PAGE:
"Now, since most Americans aren't that far to the right, our friends have to portray us Democrats as simply unacceptable, lacking in strength and values. In other words, they need a divided America. But we don't."

"you might remember that when I was in office, on occasion, the Republicans were kind of mean to me. (Laughter.) But soon as I got out and made money, I became part of the most important group in the world to them. It was amazing. I never thought I'd be so well cared for by the president and the Republicans in Congress. (Laughter) I almost sent them a thank-you note for my tax cuts until I realized that the rest of you were paying for the bill for it, and then I thought better of it."

They chose to protect my tax cut at all costs, while withholding promised funding for the Leave No Child Behind Act, leaving 2.1 million children behind.

They chose to protect my tax cut while cutting 140,000 unemployed workers out of their job-training programs, 100,000 working families out of their child-care assistance, and worst of all, while cutting 300,000 poor children out of their after-school programs when we know it keeps them off the streets, out of trouble, in school learning, going to college and having a good life!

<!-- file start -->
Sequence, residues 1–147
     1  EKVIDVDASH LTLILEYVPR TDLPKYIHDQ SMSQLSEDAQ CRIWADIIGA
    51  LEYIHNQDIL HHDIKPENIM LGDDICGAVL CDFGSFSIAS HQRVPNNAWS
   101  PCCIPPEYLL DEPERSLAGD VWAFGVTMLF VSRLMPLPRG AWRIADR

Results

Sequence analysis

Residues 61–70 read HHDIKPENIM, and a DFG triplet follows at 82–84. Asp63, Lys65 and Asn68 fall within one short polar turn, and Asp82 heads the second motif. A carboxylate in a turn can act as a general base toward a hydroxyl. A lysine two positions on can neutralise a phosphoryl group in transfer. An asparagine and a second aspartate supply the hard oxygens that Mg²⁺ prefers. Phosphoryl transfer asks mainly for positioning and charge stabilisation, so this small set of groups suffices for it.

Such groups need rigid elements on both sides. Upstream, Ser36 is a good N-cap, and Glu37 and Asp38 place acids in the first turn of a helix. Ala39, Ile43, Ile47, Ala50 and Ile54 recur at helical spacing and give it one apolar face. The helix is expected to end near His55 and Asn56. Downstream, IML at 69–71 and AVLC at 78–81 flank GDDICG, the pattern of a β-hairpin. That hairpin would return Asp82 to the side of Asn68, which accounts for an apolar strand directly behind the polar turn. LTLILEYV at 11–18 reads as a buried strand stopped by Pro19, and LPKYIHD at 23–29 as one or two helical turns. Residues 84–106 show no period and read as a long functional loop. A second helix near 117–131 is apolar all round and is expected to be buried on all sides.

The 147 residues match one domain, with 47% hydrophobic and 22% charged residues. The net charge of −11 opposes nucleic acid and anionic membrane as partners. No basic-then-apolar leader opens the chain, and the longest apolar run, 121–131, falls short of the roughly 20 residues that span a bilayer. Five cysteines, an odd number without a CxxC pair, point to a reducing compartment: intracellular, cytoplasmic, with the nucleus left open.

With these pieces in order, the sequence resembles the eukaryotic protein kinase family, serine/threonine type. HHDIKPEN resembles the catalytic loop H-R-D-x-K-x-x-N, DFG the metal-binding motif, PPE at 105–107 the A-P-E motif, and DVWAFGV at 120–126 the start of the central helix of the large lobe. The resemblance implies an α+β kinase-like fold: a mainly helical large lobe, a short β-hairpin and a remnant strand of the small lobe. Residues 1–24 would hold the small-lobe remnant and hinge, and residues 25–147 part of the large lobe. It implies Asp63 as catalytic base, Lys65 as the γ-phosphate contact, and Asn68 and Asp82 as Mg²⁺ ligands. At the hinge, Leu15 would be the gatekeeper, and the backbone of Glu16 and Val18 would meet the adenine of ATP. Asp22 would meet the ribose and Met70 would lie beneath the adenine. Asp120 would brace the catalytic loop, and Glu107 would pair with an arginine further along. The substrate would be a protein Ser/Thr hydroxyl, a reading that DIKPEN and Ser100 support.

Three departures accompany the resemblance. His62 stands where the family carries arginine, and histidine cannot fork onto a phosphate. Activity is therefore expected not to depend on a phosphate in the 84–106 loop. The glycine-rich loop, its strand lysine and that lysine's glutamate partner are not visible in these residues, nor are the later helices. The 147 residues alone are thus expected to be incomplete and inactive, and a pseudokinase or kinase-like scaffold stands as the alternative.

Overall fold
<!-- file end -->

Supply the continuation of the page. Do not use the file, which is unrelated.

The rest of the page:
They're taking police off the streets while they put assault weapons back on the street. Now if you agree with that choice, by all means vote to keep them in office. But if you don't, join John Kerry, John Edwards and the Democrats in making America safer, smarter and stronger again. (Cheers, applause.)

Now we tried it their way for 12 years. We tried it their way for 12 years. We tried it our way for eight years. Then we tried it their way for four more. By the only test that matters, whether people were better off when we finished than when we started, our way works better. (Cheers, applause.)

It produced over 22 million good jobs, rising incomes for the middle class, over a hundred times as many people moved from poverty into the middle class, more health care, the largest increase in college aid in 50 years, record homeownership, a cleaner environment, three surpluses in a row, a modernized defense force, strong efforts against terror and a respected America in the world. (Cheers, applause.) It worked better.

Strength and wisdom are not opposing values. (Cheers, applause.) They go hand in hand. (Continued cheers, applause.) They go hand in hand, and John Kerry has both.

"My friends, at every turning point in our history, we the people have chosen unity over division, heeding our founders' call to America's eternal mission to form a more perfect union, to widen the circle of opportunity, deepen the reach of freedom, and strengthen the bonds of our community. It happened every time because we made the right choices.

In the early days of the Republic, America was divided and at a crossroads, much as it is today, deeply divided over whether or not to build a real nation with a national economy and a national legal system. We chose to build a more perfect union.